the book of Enoch teaches things that Christianity does not believe in

It also tells about things that are complete nonsense... even to a Christian


Just a thought that sprung up from your post.

How much nonsense is allowed before it is considered too much?

How do we know when it moves from a little, to a lot, to complete?



posted on Jan, 13 2016 @ 06:00 PM
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a reply to: NightSkyeB4Dawn

I think when a book talks about people being born that are over 450 feet tall...


That kinda breaks the barrier of sanity




posted on Jan, 13 2016 @ 06:03 PM
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a reply to: DrogoTheNorman

If a particular writing doesn't conform to a religious belief, it's intentionally left out. There have been a lot of writings that have been left out of the bible.



posted on Jan, 13 2016 @ 06:18 PM
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a reply to: Akragon

Seems to me that would be par for the course though seeing as how there are talking snakes, people who lived 500+ years, and a guy who walked on water.



posted on Jan, 13 2016 @ 06:22 PM
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a reply to: Akragon

First I have never read anything Dan Brown wrote.

I agree with you .. I am probably mistaken ..

en.wikipedia.org...

"There is no record of any discussion of the biblical canon at the council.[66] The development of the biblical canon took centuries, and was nearly complete (with exceptions known as the Antilegomena, written texts whose authenticity or value is disputed) by the time the Muratorian fragment was written.[67]

In 331 Constantine commissioned fifty Bibles for the Church of Constantinople, but little else is known (in fact, it is not even certain whether his request was for fifty copies of the entire Old and New Testaments, only the New Testament, or merely the Gospels), but some scholars believe that this request provided motivation for canon lists. In Jerome's Prologue to Judith[68] he claims that the Book of Judith was "found by the Nicene Council to have been counted among the number of the Sacred Scriptures", which suggests that the Nicene Council did discuss what documents would number among the sacred scriptures.

The main source of the idea that the Bible was created at the Council of Nicea seems to be Voltaire, who popularised a story that the canon was determined by placing all the competing books on an altar the Council and then keeping the ones that didn't fall off. The original source of this story is the Vetus Synodicon, a pseudo-historical account of early Church councils from AD 887"

But still we see

"This process was not yet complete at the time of the First Council of Nicaea in 325, though substantial progress had been made by then. Though a list was clearly necessary to fulfill Constantine's commission in 331 of fifty copies of the Bible for the Church at Constantinople, no concrete evidence exists to indicate that it was considered to be a formal canon. In the absence of a canonical list, the resolution of questions would normally have been directed through the see of Constantinople, in consultation with Bishop Eusebius of Caesarea (who was given the commission), and perhaps other bishops who were available locally.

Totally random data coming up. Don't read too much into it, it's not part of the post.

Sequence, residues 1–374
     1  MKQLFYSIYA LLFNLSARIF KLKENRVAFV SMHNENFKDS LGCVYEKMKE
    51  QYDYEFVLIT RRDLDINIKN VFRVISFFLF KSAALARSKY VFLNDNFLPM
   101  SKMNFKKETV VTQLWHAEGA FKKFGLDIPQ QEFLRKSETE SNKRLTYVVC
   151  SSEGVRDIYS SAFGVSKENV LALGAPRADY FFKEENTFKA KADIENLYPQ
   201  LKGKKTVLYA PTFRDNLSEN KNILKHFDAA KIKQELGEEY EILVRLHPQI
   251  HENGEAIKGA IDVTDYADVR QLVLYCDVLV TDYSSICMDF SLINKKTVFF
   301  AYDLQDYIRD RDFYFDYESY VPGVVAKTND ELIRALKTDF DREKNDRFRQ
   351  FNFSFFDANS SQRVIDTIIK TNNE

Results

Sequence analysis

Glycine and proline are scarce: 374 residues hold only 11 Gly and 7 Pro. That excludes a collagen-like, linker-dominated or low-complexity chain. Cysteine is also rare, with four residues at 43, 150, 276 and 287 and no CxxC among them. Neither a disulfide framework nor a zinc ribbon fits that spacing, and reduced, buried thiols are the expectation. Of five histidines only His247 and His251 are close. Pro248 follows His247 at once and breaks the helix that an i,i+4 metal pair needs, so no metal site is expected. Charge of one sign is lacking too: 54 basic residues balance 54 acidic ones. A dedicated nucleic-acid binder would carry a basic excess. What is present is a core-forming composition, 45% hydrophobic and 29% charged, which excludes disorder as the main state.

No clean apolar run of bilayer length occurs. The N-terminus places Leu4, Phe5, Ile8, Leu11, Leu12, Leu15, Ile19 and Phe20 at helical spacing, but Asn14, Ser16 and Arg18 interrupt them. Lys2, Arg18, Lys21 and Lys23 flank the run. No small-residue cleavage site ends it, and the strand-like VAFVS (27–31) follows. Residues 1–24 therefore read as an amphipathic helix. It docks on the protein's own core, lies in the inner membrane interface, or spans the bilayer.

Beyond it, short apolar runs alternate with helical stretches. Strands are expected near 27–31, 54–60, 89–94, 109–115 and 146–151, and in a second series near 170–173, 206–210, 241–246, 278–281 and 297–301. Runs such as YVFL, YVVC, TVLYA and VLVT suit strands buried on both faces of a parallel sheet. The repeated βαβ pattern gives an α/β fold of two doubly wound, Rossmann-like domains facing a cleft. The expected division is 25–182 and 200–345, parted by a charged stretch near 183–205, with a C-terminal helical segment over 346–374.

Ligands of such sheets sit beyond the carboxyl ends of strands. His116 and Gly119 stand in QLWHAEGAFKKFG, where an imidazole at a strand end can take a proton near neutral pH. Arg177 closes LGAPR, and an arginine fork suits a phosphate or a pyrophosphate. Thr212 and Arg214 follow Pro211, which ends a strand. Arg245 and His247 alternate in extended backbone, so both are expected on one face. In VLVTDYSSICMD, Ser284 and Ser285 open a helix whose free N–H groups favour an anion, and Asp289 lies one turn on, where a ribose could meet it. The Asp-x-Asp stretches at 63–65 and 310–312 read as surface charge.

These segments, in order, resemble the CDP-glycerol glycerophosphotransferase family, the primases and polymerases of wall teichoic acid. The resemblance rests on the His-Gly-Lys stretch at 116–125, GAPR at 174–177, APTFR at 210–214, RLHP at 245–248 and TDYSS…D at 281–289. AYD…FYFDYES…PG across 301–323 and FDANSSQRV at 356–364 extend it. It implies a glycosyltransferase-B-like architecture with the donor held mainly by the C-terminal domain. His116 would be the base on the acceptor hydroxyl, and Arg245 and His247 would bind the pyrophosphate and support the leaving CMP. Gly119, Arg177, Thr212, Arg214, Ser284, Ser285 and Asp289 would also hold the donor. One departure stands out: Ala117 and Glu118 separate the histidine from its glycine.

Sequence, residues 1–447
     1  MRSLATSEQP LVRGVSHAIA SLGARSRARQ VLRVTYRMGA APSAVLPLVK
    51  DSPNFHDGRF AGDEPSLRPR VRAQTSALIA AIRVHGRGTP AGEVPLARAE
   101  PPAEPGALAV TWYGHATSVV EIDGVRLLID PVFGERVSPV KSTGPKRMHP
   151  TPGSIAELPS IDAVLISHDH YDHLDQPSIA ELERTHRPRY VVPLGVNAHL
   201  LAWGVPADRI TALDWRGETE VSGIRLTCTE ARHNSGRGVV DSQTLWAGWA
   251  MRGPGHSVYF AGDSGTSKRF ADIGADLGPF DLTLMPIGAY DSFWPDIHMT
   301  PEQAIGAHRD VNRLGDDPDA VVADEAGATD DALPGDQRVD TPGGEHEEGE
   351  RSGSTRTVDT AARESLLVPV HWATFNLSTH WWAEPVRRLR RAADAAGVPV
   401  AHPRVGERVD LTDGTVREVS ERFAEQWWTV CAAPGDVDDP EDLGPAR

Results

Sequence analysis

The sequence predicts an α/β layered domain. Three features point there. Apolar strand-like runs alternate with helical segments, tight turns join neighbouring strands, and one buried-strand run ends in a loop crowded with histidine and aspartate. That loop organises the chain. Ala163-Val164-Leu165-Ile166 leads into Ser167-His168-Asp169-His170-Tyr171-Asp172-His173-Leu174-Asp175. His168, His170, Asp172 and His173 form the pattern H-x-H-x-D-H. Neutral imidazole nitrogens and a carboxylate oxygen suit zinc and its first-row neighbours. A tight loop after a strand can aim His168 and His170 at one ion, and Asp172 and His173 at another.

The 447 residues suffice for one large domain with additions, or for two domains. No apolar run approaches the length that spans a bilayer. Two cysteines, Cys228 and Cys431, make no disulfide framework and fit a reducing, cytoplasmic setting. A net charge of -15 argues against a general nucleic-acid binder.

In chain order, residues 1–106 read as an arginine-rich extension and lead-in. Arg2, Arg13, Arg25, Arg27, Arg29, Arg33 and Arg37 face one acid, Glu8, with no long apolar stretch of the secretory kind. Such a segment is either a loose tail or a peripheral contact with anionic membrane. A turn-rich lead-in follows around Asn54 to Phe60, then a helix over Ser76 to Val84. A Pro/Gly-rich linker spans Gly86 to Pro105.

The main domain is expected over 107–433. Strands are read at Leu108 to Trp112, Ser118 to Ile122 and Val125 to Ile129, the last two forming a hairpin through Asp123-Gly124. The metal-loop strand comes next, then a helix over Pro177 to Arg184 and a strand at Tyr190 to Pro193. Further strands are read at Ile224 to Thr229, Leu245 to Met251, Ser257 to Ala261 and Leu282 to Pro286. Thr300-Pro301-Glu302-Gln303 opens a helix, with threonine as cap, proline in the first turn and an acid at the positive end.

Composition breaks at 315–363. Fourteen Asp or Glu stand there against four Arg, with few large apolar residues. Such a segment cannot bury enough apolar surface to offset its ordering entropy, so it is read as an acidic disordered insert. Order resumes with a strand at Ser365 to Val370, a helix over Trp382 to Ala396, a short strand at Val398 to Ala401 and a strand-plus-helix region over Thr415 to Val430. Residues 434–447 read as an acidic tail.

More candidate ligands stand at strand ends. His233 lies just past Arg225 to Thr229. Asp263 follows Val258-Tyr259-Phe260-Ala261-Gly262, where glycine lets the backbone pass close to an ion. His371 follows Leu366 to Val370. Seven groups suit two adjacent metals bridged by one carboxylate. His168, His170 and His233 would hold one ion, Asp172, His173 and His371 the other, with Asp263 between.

In his Easter letter of 367, Athanasius, Bishop of Alexandria, gave a list of exactly the same books that would formally become the New Testament canon,[6] and he used the word "canonized" (kanonizomena) in regards to them.[7] The first council that accepted the present Catholic canon (the Canon of Trent) may have been the Synod of Hippo Regius in North Africa (393); the acts of this council, however, are lost. A brief summary of the acts was read at and accepted by the Councils of Carthage in 397 and 419.[8] These councils took place under the authority of St. Augustine, who regarded the canon as already closed.[9] Pope Damasus I's Council of Rome in 382, if the Decretum Gelasianum is correctly associated with it, issued a biblical canon identical to that mentioned above,[6] or if not the list is at least a 6th-century compilation[10] claiming a 4th-century imprimatur.[11] Likewise, Damasus's commissioning of the Latin Vulgate edition of the Bible, c. 383, was instrumental in the fixation of the canon in the West.[12] In 405, Pope Innocent I sent a list of the sacred books to a Gallic bishop, Exsuperius of Toulouse. When these bishops and councils spoke on the matter, however, they were not defining something new, but instead "were ratifying what had already become the mind of the church."[13] Thus, from the 5th century onward, the Western Church was unanimous concerning the New Testament canon.[14]"